Take the 2-minute tour ×
Stack Overflow is a question and answer site for professional and enthusiast programmers. It's 100% free, no registration required.
var arrayfunc = [function(){return this;}];
var func = arrayfunc[0];
arrayfunc[0]();    //[function (){return this;}]
func();            //Window

i don't know why this is not same? Do you help me ?

share|improve this question

3 Answers 3

up vote 3 down vote accepted

Just think as below:

arrayfunc[0](); // this refer to arrayfunc
window['func'](); // this refer to window

Even through arrayfunc[0] === func return true, the caller is different.

arrayfunc[0](); called the function through the object arrayfunc,

window['func'](); called the function through the object window.

share|improve this answer
    
"window.func()" is equal to "func()" ,so "this" is window. –  acjialiren Aug 15 '12 at 8:26
    
i can't call anything like window.XXX using ""var array =[function(){}];" . i know a little reason why it is not window, but i can't understand it is arrayfunc –  acjialiren Aug 15 '12 at 8:29
    
@acjialiren As i said, you called the function through the object arrayfunc, so this is arrayfunc. –  xdazz Aug 15 '12 at 8:31
    
var array_ = [[function(){return this;}],[function(){return this;}]]; array_[0][0](); is "this" array_ or array_[0]? i don't know how to Distinguish them –  acjialiren Aug 15 '12 at 8:39
    
@acjialiren this is array_[0]. –  xdazz Aug 15 '12 at 8:42

Because this is a dynamic pointer to a function's scope. It is no fixed reference as in Java for instance.

share|improve this answer
    
i know what you say, but can you tell me something detail about my question –  acjialiren Aug 15 '12 at 7:58
    
i find that arrayfunc[0] === func return true , so i think they are same. –  acjialiren Aug 15 '12 at 7:59

This is a common misunderstanding. When you make an alias to a method - i.e., as you have, commit it to a variable - understand that you lose the this context in which the original method ran.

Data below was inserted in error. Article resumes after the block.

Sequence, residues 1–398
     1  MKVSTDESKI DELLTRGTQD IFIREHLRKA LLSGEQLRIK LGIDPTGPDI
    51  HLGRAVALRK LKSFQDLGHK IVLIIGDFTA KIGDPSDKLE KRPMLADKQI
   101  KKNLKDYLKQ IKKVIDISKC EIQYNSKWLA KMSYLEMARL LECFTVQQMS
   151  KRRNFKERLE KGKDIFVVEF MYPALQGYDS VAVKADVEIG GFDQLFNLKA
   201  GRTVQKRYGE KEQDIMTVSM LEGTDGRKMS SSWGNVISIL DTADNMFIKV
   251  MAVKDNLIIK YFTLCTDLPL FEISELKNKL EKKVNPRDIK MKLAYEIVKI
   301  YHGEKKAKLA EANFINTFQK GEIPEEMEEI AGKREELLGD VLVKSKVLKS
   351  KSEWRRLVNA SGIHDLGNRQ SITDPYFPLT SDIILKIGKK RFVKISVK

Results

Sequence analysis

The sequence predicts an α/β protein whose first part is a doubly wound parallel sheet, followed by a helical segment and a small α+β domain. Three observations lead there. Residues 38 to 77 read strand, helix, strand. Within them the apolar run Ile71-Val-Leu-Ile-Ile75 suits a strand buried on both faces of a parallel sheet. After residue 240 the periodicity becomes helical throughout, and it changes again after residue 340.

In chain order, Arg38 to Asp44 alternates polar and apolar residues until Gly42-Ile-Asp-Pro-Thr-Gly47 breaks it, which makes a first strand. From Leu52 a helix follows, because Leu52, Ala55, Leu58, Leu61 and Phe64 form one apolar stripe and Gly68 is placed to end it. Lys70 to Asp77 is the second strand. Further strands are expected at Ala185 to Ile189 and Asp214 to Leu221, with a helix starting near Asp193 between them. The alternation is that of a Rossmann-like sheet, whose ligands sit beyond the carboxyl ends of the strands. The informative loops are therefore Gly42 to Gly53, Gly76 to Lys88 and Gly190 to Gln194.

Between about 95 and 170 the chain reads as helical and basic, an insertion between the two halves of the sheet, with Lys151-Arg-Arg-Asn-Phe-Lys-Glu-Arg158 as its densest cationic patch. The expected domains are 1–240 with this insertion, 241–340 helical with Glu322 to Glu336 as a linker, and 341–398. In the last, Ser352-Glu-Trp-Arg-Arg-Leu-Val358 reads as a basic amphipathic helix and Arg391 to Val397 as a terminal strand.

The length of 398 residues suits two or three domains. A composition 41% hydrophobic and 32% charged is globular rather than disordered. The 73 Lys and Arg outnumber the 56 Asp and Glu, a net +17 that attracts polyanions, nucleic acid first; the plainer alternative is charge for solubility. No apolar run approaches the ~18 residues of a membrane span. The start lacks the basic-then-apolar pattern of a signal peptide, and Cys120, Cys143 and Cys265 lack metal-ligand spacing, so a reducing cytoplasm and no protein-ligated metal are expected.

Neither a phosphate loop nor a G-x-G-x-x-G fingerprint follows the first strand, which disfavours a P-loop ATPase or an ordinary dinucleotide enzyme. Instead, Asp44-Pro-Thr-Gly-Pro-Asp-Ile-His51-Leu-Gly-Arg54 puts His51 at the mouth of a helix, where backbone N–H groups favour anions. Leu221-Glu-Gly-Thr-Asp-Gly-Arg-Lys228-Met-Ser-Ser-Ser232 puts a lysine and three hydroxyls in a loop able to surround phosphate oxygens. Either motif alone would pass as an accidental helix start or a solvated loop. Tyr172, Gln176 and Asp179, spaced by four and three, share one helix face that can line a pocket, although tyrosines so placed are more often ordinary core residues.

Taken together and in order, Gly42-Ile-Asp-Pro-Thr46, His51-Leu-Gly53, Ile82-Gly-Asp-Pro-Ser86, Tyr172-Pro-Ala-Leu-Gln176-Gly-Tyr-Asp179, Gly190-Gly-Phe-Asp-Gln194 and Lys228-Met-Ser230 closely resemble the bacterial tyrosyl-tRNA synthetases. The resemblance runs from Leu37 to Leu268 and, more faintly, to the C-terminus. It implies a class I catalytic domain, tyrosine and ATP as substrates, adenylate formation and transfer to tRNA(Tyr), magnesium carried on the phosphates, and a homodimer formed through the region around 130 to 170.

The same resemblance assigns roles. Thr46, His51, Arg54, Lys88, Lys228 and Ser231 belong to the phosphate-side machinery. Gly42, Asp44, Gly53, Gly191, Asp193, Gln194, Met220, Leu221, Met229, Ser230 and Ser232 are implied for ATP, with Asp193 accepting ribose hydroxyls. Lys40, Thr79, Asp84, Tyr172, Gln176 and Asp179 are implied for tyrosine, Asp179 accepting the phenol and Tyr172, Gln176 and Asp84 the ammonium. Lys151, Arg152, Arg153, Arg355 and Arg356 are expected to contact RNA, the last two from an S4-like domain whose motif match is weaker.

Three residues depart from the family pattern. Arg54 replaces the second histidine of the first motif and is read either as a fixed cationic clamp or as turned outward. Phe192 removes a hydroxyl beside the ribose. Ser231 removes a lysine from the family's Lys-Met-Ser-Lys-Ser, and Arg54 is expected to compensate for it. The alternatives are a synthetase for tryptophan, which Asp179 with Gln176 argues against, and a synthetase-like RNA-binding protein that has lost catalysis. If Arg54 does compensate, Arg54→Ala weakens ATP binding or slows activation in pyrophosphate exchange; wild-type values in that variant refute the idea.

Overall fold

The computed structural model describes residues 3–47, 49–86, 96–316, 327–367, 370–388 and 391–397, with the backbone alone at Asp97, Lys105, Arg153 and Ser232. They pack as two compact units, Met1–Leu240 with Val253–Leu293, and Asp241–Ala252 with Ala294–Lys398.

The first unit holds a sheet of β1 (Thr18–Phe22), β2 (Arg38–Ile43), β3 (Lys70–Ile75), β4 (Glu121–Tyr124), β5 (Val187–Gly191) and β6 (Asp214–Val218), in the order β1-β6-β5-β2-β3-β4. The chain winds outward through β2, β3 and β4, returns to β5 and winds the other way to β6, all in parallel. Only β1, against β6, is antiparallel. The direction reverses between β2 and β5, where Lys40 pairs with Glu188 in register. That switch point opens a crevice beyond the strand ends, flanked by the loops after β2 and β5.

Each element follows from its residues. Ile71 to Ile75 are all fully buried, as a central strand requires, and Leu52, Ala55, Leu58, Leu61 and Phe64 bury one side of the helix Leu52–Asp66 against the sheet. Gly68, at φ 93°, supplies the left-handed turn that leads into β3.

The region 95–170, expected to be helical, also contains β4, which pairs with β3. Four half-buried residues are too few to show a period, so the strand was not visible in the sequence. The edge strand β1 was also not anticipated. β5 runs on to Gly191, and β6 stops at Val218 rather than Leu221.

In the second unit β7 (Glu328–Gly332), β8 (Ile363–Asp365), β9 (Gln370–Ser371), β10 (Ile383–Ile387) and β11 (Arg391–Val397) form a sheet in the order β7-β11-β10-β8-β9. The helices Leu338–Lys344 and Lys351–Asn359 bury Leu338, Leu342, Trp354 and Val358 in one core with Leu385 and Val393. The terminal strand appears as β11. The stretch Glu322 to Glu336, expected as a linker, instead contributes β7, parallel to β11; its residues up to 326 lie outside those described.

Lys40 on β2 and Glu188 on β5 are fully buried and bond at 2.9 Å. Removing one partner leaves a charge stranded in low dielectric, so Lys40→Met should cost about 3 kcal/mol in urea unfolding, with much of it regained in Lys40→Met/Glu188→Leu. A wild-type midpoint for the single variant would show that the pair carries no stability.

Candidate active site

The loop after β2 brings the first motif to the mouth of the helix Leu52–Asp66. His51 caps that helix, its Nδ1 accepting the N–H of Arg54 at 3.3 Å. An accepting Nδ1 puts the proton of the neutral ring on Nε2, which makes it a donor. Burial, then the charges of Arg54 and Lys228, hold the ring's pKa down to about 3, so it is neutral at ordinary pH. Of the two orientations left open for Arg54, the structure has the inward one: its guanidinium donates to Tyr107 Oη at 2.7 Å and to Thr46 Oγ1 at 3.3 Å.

So for example:

var arr = [function() { alert(this[1]); }, 'hello'];
arr[0](); //'hello' - 'this' is the array
var func = arr[0];
func(); //undefined - 'this' is Window

Line 2 returns 'hello' because the method is running in the context of the array - since we invoked it from within it.

Line 4, however, invokes the same method but from the context of the alias we set up (func). This resets its context, so this points to the default - in a browser, this means window.

If you want to make a shortcut to a function but keep its context, you can do this with bind() (ECMA5 browsers only).

var func = arr[0].bind(arr);
func(); //'hello'

bind() creates a new function but bound to a particular context - in your case, the initial array it was taken from.

share|improve this answer
    
if "Functions are copied by value" is true ,why func === arrayfunc[0] retures ture –  acjialiren Aug 15 '12 at 8:03
    
Poor wording on my part. They are of course reference objects; I was trying to say the context is not referenced - it is lost (in this case, reset to Window). –  Utkanos Aug 15 '12 at 8:09
    
i can not understand 'context is not referenced'. arr[0] is a function ,but 'this' is the array –  acjialiren Aug 15 '12 at 8:13
    
I'll edit the question to try to explain more. –  Utkanos Aug 15 '12 at 8:15
    
thanks very much. "func()" means "windows.func()" ,so "this" is window. And the function in array can not be called like "window.XXX",so "this" can not be "window". But i can not understand why it is array all the same. –  acjialiren Aug 15 '12 at 8:33

Your Answer

 
discard

By posting your answer, you agree to the privacy policy and terms of service.

Not the answer you're looking for? Browse other questions tagged or ask your own question.